As the United States moves into a new era of governance, evident even at this early stage is the importance which is to be placed on issues of energy security in the administration of Barack Obama. The field is enticing for precisely the reason it is so difficult to address – it cuts across such a large variety of policy areas that consensus as to its vital nature often dissolves into misinterpretation and competing or redundant policy initiatives. At the nexus of energy and national security, then, we must differentiate the challenges we face in order to construct sustainable, viable, and effective strategies. This article will attempt to do that using a simple tri-level model that looks at effects on national security through military, domestic, and economic lenses. At each level, the discrete use of orthodox tools of national security (that is military power or the language of security diplomacy) may prove advantageous in a very limited capacity. The danger, though, is to equate energy issues with national security so bluntly so as to use those tools to the detriment of energy security itself. Without defining energy security in a more nuanced fashion, politicizing or militarizing energy issues can yield confused and aggressive policy choices which hinder the achievement of energy security at any of the three levels described.
That energy is critical to a state’s security is self-evident. Energy has always been critical to keeping militaries moving - whether as feed in pack-animals’ stomachs, coal transporting Alfred von Schlieffen’s troops from front to front by rail, or synthetic fuels keeping Messerchmitts aloft when strategic disasters denied the Nazis crucial oil fields in the east. But this is only the most mortal case of energy’s role in national security at the primary, state-existential level.
Military priority and emergency rationing systems usually mean that security services are the last sectors to be denied fuel in time of crisis, and such a level of depletion is hardly conceivable in the West today. That being said, the continued reliance of expeditionary military operations on enormous quantities of energy resources means that guaranteeing supply to and within theatre is a primary concern. Also, rising fuel costs crowd out alternative military investment and reduce overall functionality. Thus “military energy security” as such refers mainly to securing and flexing logistics chains to operations, as well as controlling overall energy costs and demand.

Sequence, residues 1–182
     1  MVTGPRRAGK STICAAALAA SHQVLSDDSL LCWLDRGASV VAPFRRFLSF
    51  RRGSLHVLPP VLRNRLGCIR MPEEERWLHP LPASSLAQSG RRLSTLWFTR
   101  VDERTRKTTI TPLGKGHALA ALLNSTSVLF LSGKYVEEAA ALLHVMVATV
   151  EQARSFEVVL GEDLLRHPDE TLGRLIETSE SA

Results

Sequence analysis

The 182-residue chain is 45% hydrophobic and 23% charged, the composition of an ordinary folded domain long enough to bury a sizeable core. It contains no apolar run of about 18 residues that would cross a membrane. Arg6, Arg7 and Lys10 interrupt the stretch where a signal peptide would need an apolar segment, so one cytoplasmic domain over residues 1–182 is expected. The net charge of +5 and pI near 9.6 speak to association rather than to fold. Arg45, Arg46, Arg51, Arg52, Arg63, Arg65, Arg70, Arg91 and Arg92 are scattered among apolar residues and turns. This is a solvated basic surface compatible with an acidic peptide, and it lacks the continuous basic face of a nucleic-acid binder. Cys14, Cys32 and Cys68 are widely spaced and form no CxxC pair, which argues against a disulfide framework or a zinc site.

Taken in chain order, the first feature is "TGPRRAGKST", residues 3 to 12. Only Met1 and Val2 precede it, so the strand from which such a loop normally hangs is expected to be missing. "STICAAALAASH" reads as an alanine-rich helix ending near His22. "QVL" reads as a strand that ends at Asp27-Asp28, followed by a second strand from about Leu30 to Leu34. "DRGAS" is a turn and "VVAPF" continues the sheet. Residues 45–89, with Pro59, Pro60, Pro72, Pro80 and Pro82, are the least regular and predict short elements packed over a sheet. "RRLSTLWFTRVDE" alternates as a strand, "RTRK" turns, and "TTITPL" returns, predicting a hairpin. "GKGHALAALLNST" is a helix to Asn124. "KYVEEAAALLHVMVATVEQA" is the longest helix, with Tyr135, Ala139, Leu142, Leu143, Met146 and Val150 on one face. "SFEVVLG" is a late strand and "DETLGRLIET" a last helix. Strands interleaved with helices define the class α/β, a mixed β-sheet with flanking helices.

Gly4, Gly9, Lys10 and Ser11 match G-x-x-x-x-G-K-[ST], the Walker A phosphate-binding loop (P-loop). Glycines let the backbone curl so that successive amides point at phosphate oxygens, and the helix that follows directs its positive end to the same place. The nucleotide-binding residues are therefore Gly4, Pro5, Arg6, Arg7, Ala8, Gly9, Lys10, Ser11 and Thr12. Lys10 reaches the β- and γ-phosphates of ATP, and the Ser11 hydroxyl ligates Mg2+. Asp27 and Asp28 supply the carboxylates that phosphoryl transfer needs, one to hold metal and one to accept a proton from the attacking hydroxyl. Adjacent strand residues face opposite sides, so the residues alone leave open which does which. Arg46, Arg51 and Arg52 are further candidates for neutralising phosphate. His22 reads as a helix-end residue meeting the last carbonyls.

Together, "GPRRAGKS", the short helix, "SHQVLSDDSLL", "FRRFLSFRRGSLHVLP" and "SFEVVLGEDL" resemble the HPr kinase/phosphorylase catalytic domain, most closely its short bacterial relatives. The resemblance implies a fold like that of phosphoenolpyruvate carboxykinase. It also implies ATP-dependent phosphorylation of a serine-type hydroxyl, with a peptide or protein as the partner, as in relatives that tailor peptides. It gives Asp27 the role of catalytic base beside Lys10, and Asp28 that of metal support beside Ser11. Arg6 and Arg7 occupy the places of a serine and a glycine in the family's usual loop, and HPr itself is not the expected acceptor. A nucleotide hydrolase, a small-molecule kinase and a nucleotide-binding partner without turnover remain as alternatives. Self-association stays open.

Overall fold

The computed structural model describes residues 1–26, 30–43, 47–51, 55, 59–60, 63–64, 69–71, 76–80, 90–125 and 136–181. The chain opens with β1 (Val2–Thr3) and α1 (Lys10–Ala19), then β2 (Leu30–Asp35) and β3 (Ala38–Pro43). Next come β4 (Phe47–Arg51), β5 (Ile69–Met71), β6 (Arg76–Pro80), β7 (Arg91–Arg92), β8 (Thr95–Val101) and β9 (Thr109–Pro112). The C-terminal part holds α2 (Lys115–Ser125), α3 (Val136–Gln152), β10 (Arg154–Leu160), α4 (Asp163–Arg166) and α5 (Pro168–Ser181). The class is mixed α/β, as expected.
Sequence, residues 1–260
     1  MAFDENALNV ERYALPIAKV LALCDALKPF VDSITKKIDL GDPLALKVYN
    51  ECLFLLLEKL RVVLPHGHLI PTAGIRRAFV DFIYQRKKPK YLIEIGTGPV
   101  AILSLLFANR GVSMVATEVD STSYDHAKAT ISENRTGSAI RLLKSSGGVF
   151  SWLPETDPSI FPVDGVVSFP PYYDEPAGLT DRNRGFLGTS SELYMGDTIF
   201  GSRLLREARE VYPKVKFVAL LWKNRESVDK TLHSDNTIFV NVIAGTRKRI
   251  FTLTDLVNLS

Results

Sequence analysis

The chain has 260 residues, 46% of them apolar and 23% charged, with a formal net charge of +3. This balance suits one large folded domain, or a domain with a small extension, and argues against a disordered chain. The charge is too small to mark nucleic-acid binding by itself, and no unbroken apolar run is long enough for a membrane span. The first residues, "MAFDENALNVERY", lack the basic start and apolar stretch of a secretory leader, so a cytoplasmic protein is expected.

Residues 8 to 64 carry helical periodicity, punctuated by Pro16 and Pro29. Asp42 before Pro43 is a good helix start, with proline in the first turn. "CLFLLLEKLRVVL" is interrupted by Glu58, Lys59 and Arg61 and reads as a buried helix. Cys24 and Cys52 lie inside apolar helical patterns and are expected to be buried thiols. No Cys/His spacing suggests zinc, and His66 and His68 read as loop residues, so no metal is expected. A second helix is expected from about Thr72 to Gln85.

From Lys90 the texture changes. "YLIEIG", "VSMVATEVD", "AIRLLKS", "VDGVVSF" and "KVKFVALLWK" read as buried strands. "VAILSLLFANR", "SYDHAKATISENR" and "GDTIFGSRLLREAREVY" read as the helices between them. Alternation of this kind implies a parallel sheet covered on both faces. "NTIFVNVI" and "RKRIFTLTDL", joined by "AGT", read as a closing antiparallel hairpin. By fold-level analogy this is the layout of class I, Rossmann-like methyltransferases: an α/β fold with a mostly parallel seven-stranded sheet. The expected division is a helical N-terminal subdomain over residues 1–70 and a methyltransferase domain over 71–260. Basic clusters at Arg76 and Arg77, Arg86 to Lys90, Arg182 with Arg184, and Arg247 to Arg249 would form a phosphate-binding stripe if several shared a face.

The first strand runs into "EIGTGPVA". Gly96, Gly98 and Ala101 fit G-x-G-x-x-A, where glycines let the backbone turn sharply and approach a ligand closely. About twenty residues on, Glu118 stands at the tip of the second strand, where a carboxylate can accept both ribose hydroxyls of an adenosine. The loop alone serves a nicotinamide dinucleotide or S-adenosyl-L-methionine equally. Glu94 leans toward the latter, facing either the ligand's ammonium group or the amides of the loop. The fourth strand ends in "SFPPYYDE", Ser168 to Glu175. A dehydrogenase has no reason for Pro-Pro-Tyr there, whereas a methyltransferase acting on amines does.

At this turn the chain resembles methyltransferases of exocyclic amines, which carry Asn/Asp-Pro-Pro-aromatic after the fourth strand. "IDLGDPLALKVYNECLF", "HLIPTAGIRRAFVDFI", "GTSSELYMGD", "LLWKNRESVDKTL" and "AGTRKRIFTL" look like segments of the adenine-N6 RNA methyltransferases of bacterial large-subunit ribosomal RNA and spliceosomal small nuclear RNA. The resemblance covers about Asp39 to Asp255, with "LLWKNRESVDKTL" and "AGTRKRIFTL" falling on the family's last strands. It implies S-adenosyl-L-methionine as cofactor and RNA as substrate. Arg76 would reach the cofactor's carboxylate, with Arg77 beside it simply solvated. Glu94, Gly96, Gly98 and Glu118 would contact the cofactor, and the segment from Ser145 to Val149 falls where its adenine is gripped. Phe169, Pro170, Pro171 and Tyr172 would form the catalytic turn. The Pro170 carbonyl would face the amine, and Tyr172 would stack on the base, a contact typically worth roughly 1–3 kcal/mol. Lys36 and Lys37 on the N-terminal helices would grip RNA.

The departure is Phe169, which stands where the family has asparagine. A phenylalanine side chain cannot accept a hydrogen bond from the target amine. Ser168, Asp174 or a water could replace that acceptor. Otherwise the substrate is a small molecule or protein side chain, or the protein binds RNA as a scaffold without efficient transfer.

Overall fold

Moving huge amounts of fuel securely into operations is an ancient challenge for military logisticians. With the proliferation of expeditionary missions since the end of the Cold War, however, that task has become only harder. While missions still tend to be adequately resourced, the result is not only huge financial costs, but also security risks to those personnel transporting fuel in dangerous environments, and also quality assurance risks where there is increased reliance on local suppliers.1 As such, reducing demand, particularly during operations and at forward operating bases but also within the entire system, has increased the strategic as well as the environmental or cost importance of demand management.
The U.S. Department of Defense (DoD) showed renewed interest in the energy intensity of the American military establishment in the middle of this decade, and since 2006 has spent considerable resources to reduce fuel consumption for operational use. 2 (Taking a cue from the broader definition of energy intensity, i.e. the amount of energy consumed per unit of production, military energy intensity can be defined as energy consumed per unit of military effectiveness.) Reducing overall military consumption thus means improving intensity through increased efficiency of systems and planning, including taking on some increased risk or operational burden by reforming the most energy intense activities of the DoD. At Alliance level, NATO works to standardize fuel types and develop common fuel logistics systems to increase reliability and reduce consumption on multinational missions.